Tyler Clementi was the victim of what Garden State Equality’s CEO Steven Goldstein correctly categorizes as a Hate Crime.  Allegedly, Mr. Clementi’s roommate and another accomplice surreptitiously broadcast video of Mr. Clementi having a homosexual encounter in his dorm room.  Once this was revealed, it may have led Mr. Clementi to commit suicide by jumping off the George Washington Bridge.  Sadly, this was not an isolated incident.

In their reporting of the Clementi affair, the media unsurprisingly include the lurid details of the web video and the suicide jump.  Some, such as the article by Amy Ellis Nutt, provide some background on other crimes where the internet and social media have been used as an enabler.  

(continue reading below the fold)

Ten Fundamental Truths that the Tea Party Needs to Understand

Okay, who’s got Truths #10-15? – promoted by Rosi

Cross-posted from deciminyan

  1. The IRS is not evil.

  2. You can support the troops while still be against the war.

  3. Labor unions are not evil.

  4. It’s easy to compare someone you don’t like to Hilter, Attila the Hun, or Pee Wee Herman.  Why not look for people you could compare to Mahatma Gandhi, Abraham Lincoln, or Jesus Christ.

  5. America is not a Christian nation.  

  6. Who my neighbor chooses as a life partner is not my concern, and will never impact the sanctity and wonder of my marriage.

  7. People have souls.  Corporations do not.  Hence, corporations are not people.

  8. Free, quality public education is a cornerstone of American society.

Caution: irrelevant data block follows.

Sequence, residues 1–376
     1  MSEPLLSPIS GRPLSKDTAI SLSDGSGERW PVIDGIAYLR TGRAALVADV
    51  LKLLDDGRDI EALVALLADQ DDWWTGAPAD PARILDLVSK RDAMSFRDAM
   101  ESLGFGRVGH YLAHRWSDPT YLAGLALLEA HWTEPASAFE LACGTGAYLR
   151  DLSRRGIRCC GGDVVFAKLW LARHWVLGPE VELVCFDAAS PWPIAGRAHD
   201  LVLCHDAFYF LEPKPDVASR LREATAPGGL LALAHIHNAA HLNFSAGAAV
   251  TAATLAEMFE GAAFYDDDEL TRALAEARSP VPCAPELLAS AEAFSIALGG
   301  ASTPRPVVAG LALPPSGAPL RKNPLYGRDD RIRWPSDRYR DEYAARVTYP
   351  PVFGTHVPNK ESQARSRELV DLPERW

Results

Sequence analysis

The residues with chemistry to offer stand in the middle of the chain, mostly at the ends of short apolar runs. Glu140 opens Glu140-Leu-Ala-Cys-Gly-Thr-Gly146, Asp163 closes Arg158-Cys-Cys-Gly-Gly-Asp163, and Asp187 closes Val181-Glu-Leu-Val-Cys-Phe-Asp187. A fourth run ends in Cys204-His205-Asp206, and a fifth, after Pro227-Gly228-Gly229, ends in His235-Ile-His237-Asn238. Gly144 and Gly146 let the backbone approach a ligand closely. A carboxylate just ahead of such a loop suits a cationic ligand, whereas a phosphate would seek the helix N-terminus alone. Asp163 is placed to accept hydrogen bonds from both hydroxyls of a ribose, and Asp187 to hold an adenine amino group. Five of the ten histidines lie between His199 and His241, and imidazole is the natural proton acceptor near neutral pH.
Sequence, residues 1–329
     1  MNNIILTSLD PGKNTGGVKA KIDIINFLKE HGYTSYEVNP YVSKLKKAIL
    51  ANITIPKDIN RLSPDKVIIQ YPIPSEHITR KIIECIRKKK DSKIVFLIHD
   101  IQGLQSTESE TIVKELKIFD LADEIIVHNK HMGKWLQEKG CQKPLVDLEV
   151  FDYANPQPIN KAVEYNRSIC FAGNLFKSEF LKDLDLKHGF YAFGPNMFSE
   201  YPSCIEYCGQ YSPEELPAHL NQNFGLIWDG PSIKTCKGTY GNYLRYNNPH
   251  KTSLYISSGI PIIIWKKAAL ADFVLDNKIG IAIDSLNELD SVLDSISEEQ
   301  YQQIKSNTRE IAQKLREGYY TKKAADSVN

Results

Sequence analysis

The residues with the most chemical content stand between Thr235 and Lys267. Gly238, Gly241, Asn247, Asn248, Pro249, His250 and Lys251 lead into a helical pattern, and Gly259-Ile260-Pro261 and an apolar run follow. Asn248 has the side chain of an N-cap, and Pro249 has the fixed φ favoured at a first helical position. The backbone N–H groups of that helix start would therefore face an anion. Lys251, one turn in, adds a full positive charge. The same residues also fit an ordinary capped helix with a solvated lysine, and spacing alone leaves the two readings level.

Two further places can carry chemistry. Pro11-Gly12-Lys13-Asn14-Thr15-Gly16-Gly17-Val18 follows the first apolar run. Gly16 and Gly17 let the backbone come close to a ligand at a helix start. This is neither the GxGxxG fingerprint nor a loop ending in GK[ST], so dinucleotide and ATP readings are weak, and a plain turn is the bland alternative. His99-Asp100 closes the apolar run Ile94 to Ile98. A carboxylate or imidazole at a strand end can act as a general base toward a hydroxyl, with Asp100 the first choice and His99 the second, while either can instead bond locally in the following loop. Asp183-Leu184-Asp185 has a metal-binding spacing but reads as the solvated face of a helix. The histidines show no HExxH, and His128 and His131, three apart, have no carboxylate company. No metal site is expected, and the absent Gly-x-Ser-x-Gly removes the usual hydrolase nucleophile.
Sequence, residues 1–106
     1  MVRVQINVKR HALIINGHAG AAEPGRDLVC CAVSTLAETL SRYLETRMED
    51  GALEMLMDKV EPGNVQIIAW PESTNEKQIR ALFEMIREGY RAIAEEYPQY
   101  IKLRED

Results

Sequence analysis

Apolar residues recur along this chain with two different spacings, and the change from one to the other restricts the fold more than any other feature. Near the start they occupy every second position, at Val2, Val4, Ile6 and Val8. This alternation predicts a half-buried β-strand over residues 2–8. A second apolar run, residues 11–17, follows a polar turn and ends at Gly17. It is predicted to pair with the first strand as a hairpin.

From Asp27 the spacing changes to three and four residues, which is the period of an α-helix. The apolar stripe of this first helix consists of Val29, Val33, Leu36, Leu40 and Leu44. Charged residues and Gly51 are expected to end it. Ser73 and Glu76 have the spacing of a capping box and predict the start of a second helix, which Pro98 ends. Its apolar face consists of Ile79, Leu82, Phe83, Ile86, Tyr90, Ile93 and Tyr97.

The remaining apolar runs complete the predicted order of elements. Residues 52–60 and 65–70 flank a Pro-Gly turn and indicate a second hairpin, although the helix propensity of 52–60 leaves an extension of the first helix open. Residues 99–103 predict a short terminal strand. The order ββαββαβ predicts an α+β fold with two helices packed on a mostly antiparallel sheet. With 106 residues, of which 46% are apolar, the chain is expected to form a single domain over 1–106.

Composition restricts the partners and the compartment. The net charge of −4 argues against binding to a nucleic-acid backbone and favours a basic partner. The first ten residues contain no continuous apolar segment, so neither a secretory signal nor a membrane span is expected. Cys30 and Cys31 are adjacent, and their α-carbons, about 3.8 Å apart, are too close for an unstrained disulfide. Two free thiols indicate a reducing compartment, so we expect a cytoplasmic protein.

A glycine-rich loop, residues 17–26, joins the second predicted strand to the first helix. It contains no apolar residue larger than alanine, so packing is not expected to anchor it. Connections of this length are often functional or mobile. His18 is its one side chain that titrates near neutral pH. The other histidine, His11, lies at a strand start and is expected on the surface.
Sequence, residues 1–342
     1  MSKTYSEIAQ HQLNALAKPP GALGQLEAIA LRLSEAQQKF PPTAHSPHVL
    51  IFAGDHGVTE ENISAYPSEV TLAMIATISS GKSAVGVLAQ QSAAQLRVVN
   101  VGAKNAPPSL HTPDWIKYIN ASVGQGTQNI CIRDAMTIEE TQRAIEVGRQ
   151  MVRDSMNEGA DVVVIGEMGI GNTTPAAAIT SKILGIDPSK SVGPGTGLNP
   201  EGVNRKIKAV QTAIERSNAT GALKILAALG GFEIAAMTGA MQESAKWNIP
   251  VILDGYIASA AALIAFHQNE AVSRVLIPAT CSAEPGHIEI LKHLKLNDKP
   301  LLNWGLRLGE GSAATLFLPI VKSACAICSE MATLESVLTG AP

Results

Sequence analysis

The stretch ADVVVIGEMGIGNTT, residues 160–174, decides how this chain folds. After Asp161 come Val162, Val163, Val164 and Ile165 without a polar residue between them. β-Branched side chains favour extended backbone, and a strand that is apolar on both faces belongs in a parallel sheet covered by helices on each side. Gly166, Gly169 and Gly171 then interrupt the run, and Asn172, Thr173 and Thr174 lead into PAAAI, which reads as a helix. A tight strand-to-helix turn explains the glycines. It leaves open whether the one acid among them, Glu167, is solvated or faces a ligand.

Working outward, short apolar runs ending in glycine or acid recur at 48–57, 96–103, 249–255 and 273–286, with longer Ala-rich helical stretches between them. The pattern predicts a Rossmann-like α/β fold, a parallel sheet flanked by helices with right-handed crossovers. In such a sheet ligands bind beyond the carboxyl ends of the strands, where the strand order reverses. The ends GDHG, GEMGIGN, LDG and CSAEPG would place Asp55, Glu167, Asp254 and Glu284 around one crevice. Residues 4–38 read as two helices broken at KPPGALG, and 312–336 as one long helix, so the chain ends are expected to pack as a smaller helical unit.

9. We can differ on opinion.  We can’t differ on facts – even if Fox “News” says so.

  10. Yes, you are your brother’s keeper.  

A Tale of Three Executives

Hm… promoted by Rosi

  1. Billionaire Facebook CEO Mark Zuckerberg spends $100 million of his own money to help school kids in Newark.
  2. Billionaire ex-EBay CEO Meg Whitman spends $119 million of her own money to buy the governorship of California.
  3. Millionaire New Jersey CEO Chris Christie blows $400 million in Federal dollars by abrogating an agreement between his Education Commissioner and the Teacher’s Union.  Then he has the chutzpah to go on Oprah and bask in Zuckerberg’s generosity.

So the 26-year old is more fiscally responsible than his older peers.  Maybe there’s hope for this country.

Seeing Red

promoted by Rosi

Cross-posted from deciminyan

Acting New Jersey Governor Kim Guadagno’s executive order establishing a bi-partisan commission to reduce red tape is a feel-good exercise in futility.  While the commission will certainly meet the GOP’s goal of eliminating some of those pesky regulations which help consumers and the non-wealthy, it will be ineffective in making a significant dent in the burgeoning state budget.

The nine-member commission, to be headed by no other than the same Kim Guadagno, will review “administrative rules and regulations, which the administration says can have an impact on job creation, investment and economic growth” according to the Press of Atlantic City.  That would be a great approach if we were living in the 1950s.  

Over the past half-century, better techniques for elimination of bureaucratic waste have been proven more effective and efficient.  

Why won’t it work? more below the fold